Canadian Women Driven By Rivalry

from fifa.com



Living to the north of one of the most successful nations in women’s football cannot be easy. Just ask the Canadians. A vastly improved team over the past four years, the Canucks have lived in the shadow of the American stars their entire careers. However, a 1-1 draw at the Algarve Cup on Friday and a string of good results against their neighbours may be changing all that.

Including the draw in Portugal, the Canadians have actually proved the equal of the two-time FIFA Women’s World Cup champions over the past seven games, with two losses, two victories, and three draws. An impressive record considering that no team has an overall winning record against the Americans except for Norway.

Article from fifa.com



Living to the north of one of the most successful nations in women’s football cannot be easy. Just ask the Canadians. A vastly improved team over the past four years, the Canucks have lived in the shadow of the American stars their entire careers. However, a 1-1 draw at the Algarve Cup on Friday and a string of good results against their neighbours may be changing all that.

Including the draw in Portugal, the Canadians have actually proved the equal of the two-time FIFA Women’s World Cup champions over the past seven games, with two losses, two victories, and three draws. An impressive record considering that no team has an overall winning record against the Americans except for Norway.



Of course, the Americans have still won 24 of the 30 matches the two teams have played in total, scoring almost five times as many goals in the process. Perhaps that statistic gives some indication of the frustration the Canada team feels.



“The Canadians want to beat us more than they want to breathe,” said American coach April Heinrichs, echoing a sentiment the Canadians themselves are more than happy to affirm.



After the match, star striker Charmaine Hooper said this, “We are very, very disappointed with a draw against them. When we play [America] we absolutely should win, anything less feels like a loss to me. We’ve lost to them for so many years, and we are tired of it. We do not like it. It’s a game that the team doesn’t have any trouble getting up for. We’re all extremely motivated.”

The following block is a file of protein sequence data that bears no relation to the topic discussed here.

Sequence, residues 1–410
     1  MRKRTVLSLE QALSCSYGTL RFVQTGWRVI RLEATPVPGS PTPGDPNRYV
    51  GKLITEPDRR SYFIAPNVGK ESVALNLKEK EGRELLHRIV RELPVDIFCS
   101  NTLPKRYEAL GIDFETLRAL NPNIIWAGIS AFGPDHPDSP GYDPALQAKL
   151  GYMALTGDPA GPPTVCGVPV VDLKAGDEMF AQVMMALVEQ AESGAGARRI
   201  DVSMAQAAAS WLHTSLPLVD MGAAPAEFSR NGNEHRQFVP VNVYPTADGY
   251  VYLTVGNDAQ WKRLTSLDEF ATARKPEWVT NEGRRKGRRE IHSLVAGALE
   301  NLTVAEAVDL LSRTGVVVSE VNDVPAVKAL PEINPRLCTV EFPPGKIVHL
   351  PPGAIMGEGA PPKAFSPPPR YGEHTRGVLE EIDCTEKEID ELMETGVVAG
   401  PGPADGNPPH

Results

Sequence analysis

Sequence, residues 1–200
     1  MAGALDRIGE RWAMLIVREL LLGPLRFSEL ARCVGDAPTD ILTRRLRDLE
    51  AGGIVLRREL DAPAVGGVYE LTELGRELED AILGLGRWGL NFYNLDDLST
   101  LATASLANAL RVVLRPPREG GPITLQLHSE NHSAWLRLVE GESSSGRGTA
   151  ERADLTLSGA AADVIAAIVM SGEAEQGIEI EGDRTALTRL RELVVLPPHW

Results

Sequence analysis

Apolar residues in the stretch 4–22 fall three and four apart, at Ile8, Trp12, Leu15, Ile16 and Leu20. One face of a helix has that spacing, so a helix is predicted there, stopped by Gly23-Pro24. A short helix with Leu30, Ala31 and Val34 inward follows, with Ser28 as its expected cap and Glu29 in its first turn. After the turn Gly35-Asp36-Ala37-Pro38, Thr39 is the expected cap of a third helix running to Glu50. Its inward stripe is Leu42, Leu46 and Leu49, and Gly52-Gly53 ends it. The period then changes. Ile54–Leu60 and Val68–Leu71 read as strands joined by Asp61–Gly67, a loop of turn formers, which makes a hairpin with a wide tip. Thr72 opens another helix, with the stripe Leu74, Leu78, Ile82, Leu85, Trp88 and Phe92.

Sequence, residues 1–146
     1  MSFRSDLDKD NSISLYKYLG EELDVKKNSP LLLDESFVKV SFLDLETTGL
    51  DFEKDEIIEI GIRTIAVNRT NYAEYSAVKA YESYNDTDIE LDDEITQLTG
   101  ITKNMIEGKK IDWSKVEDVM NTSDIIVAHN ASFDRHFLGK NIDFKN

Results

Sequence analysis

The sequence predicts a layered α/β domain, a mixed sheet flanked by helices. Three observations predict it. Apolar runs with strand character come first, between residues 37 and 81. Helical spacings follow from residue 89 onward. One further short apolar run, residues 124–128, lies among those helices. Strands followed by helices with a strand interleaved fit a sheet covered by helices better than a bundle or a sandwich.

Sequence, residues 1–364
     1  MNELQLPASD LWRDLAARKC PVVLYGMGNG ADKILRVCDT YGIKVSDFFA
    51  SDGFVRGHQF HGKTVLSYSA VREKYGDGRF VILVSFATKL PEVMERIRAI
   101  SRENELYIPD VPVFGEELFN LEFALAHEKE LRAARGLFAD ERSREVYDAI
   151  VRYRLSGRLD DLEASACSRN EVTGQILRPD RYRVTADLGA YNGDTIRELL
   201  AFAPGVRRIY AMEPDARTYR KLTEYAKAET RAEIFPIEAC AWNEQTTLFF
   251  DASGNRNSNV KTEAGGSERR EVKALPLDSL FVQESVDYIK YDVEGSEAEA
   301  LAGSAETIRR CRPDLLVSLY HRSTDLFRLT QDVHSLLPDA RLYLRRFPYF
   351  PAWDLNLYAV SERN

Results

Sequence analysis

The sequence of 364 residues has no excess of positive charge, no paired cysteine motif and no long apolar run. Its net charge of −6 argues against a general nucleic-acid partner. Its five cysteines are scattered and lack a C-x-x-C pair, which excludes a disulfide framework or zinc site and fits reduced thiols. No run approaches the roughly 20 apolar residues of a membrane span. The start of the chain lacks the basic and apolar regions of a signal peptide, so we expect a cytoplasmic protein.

Randee Hermus, who was initially credited with the goal before it went to Andrea Neil, reiterated the views of her team-mate, “We have always been in the shadow of the U.S. because they have been so successful. But, now they can’t beat us the way they used to. They are our biggest rivals, and we really want to beat them. We’d like to beat them all the time if we could.”



This draw in Southern Portugal was difficult for both sides to take. Hooper felt that a goal ruled out for offside could have been the difference in the match. “I think we should have won this time. We had opportunities that were taken from us. We had clearer chances. We played better than they did.”



Heinrichs was upset for a different reason. “[Canada] are intense, which is fine, but I hope that referees get stronger directives regarding destructive play. Every time the ball was in the air there was more than enough physical contact. They were consistently undercutting us.



“If that’s the way that they’re going to be allowed to play, I hope they play like that against all the other teams. Ultimately, I hope things don’t go in that direction. I would hate to see overly physical play rewarded at the World Cup”



“With the Americans, it’s absolutely a grudge match. We know they don’t like it when we play aggressively,” said Hermus. “We play physically regardless, but we know that they’ve mentioned not liking to play us because we battle them. That’s good. We’re not cheap or dirty, we just like to win the ball. We don’t back down from them.”



There is one thing the two sides do agree on however: that Canada could turn out to be very dangerous come China 2003.



The American coach went on to say, “The thing is, we have a lot of respect for our opponents. Always. But, especially when it comes to Canada. I’ve been saying for the last three years that Canada are closing the gap, especially when they play us … More credit to them. If they feel that their confidence is high, that’s great. They’ve made a lot of progress. If I was their coach, I would feel very positive about their results, and I would be pumping my players up if I could. I would want to go into the World Cup with the highest level of confidence that I could.”



Hooper concludes, “They’re a very good team and they always have been, but I really think that over the last four years the gap between us has really tightened. That says something about us. They know that.”



– article from fifa.com web site

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